If you’ve been struggling to find an audiophile grade over-ear headphone for on-the go use, you’re not alone. Many audiophiles have reluctantly settled for high performance IEMs for this reason. And there are some spectacular IEM options out there. But if you’re not willing to go in-ear, you might want to consider Ultrasone’s Edition 5. What sets these cans apart from so many other snazzy closed-backs? Let’s find out in this Ultrasone Edition 5 Headphones Review.
Ultrasone Edition 5 Headphones Review
IN the BOX
The Edition 5 may be the lightest headphones I’ve ever put on my head. In fact, if they were worth their weight in gold, they would cost 3.5 peanuts. And the leather earpads and headband are extremely soft (more about that below). So, it’s a nice balance between minimalism and luxury. Sound isolation is not spectacular, but it’s a compromise I’d be willing to take given how comfortable these things feel on the ears.
There are relatively few high performance over-ear headphones on the market that accommodate on-the-go use. So, one of the things that sets these cans apart from other headphones in this tier is their portability or versatility. In the box, you’ll find 3 detachable OFC copper cables: a 1.5 meter cable with an angled 3.5 mm connector, a 4 meter cable with a ¼ inch connector, and a third 1.2 meter cable for mobile use, which includes a microphone and remote control.
Ultrasone employs its “S-LogicEX” technology, which allows the driver to sit at a further distance from the ear, creating a more spacious feel. And this is the same technology used on the snazzy open-back Edition 15.
The ear cups are coated with ruthenium, which is a rare metal that looks pretty slick. Only problem is that you’ll need to wear gloves to avoid fingerprints. Relax. There’s a polishing cloth in the box.
And if you thought ruthenium metal wasn’t enough, get this: The earpads and headband are made from the “proven leather of the Ethiopian long-haired sheep.” Maybe the Google translator doesn’t speak German very well. So, there’s probably a name for this exotic species. But as I said, it’s the softest leather I’ve ever experienced, and from now on, I’m only wearing Ethiopian sheep sneakers.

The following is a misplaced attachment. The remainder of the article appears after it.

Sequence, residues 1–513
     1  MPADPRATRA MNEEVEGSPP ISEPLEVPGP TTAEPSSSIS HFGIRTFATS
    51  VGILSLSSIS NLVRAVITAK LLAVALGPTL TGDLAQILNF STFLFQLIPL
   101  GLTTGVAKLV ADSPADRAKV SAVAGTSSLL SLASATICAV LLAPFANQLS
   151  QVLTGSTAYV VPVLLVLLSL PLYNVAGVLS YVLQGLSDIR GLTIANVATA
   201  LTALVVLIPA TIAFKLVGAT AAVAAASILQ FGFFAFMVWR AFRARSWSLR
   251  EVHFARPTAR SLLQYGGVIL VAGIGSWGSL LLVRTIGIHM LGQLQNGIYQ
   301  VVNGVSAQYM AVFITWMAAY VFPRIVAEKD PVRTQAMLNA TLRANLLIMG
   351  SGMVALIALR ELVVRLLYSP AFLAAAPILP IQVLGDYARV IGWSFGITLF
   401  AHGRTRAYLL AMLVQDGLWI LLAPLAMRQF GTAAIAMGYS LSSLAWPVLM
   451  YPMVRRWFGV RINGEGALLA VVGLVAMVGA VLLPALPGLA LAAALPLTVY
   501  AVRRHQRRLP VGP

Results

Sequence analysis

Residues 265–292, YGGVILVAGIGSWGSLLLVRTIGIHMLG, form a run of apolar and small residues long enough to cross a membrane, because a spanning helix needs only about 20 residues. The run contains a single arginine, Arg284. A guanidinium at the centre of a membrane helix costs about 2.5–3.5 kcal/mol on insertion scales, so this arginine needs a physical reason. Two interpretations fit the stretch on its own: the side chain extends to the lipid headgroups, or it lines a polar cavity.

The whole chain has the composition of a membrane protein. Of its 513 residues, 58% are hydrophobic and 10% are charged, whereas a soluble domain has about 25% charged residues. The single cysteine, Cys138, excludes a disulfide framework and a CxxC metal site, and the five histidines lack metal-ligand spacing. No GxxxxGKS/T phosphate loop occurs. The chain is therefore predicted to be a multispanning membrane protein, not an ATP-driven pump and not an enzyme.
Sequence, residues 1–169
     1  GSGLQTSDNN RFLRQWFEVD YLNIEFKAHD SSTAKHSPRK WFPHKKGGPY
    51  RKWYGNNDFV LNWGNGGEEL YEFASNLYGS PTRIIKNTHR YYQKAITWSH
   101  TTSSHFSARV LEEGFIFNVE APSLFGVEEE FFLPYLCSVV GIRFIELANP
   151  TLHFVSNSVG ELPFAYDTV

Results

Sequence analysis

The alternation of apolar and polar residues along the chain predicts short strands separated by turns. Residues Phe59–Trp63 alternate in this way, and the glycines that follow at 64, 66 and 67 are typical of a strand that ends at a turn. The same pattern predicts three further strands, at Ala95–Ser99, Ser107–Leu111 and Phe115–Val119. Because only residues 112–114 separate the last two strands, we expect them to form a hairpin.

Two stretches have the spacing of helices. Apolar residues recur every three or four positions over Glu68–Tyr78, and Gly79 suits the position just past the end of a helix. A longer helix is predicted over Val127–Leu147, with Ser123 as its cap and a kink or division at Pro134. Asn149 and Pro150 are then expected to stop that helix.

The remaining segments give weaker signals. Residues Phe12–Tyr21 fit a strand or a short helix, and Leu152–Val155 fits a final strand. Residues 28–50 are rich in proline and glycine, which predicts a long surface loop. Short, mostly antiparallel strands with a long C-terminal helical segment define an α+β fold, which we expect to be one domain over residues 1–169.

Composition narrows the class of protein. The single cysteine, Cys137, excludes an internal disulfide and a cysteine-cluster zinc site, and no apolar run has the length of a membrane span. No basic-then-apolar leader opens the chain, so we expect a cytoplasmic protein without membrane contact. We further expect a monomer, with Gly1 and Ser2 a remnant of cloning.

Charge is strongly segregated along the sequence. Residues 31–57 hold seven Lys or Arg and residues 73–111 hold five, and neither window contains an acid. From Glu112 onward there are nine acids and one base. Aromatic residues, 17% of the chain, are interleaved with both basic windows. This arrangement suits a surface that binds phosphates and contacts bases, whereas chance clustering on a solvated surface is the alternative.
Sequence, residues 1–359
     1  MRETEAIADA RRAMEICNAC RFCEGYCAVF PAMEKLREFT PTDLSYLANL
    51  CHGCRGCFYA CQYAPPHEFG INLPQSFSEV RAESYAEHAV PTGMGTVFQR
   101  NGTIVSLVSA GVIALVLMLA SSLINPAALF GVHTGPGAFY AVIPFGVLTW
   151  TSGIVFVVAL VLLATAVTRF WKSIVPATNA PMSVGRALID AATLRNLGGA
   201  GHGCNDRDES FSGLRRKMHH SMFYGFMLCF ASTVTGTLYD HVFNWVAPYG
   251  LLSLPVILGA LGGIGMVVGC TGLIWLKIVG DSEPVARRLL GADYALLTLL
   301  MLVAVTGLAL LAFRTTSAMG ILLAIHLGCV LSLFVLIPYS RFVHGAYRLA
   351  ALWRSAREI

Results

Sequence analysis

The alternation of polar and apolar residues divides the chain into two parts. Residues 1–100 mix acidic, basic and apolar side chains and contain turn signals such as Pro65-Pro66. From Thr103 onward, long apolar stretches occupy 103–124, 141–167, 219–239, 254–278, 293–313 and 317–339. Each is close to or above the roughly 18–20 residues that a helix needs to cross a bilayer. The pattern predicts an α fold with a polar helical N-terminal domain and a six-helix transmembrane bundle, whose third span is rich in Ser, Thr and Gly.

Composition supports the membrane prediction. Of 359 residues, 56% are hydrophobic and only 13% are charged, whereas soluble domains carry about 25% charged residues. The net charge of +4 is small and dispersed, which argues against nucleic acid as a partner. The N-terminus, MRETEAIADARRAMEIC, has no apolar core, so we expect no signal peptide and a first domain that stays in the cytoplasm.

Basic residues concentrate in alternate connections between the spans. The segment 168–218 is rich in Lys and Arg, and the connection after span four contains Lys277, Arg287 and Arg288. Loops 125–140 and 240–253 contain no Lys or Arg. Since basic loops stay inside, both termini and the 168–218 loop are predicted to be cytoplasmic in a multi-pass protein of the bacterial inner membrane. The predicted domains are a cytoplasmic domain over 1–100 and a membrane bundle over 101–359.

By the way, did you know that headphones can cause cancer? This is why Ultrasone has incorporated a special metal shielding technology that reduces radiation. Thank god. Now I can have a cigarette to even it out.
The Edition 5 sports a 40mm driver and has a frequency range of 5 – 46,000 Hz. And because these headphones are also designed with portability in mind, the impedance is a low 32 ohms, making them super easy to drive. So, your iPhone will be sufficient, though I recommend a little portable DAC/amp to get the optimal quality from these cans.
Overall Impressions: Superb transparency, leans on the brighter side.
The Edition 5 presents neutral and clean lows. There’s enough bass presence to give pop some impact, but it generally presents more of a reference feel. Listening to rock, there was just a touch of warmth, though what mainly stood out was how well the lows were separated from the higher frequencies. But what Ultrasone does best is transparency. And listening to string instruments in this range, there was ample detail and resolve. So, these cans lend themselves well to hardcore, sweat inducing, critical listening as well.
We have present and almost even mids that will cover the entire spectrum of sound in this range. So you will get somewhat of a full-bodied feel. But again, the level of clarity is what’s most impressive about the Edition 5. Listening to acoustic guitars, I picked up nuances in timbre and tone that would be lost in many other headphones even in this price range. Listening to Bob Dylan’s If Not For You, the track was incredibly spotless, presenting all the instruments with crystallized precision. And perhaps paradoxically, but in true Ultrasone fashion, you’ll also get that light and almost mellow flavor that often characterizes their sound signature.
Testing out some violin solos, the level of transparency still didn’t disappoint. Now, Ultrasone can sometimes get a little enthusiastic about its high frequencies. And this headphone is definitely on the brighter side. If we move back to pop music, for example, percussion in this range is so crisp that it borders on sizzle at times. But surprisingly, trumpets in the very highest registers were mostly tolerable. So, even with the generous high frequency extension, these cans are less fatiguing than other headphones I’ve tested with similar sound profiles.
A nice and spacious soundstage for a closed-back headphone. The imaging had the precision you would expect from cans in this echelon, though I was more impressed with the sense of height than I was with the depth. Still, because the Edition 5 is such a tidy headphone, tracks with particularly multidimensional soundstages had plenty of definition, creating a rich and colorful instrumental landscape.
I dig these admittedly pricey cans. I’m not usually romanced by Ultrasone’s sound signature because I’m not a high-frequency gal. But the accuracy, cleanliness and dulcet feel made me want to keep these cans on. Considering that audiophiles tend to have many different headphones for different applications, the Edition 5 is kind of an all-in-one solution. Given the incredible clarity and relatively neutral character of these headphones, I’d trust them for critical listening sessions. But I’d also take them to the streets and bling out while calling my mom.
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